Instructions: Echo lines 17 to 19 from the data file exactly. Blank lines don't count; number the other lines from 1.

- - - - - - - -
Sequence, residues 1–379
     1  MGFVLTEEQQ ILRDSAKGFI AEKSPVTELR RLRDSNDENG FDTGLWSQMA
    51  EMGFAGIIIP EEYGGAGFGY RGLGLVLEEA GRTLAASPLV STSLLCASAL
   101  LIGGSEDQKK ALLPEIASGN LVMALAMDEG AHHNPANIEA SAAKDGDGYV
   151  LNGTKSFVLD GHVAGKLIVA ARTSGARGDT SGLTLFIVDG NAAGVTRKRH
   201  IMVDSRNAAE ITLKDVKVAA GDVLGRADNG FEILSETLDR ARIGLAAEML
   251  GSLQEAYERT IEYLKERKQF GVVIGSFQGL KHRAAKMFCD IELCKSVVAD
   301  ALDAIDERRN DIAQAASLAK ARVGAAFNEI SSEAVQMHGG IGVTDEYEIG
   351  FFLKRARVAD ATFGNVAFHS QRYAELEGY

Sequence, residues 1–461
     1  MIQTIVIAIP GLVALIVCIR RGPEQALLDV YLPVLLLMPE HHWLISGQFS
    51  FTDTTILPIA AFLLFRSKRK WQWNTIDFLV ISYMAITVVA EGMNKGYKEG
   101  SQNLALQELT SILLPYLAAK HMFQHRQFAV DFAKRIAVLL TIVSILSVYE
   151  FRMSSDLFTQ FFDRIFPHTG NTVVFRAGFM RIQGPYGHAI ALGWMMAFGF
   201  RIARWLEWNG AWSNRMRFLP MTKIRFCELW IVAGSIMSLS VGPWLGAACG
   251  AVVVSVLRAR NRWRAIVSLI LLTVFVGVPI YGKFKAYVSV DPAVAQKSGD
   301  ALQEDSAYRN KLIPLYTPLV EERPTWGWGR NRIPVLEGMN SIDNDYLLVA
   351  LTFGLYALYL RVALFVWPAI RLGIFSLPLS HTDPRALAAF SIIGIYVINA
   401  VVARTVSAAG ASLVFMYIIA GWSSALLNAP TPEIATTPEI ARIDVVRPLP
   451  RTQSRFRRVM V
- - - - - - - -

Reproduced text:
   301  ALQEDSAYRN KLIPLYTPLV EERPTWGWGR NRIPVLEGMN SIDNDYLLVA
   351  LTFGLYALYL RVALFVWPAI RLGIFSLPLS HTDPRALAAF SIIGIYVINA
   401  VVARTVSAAG ASLVFMYIIA GWSSALLNAP TPEIATTPEI ARIDVVRPLP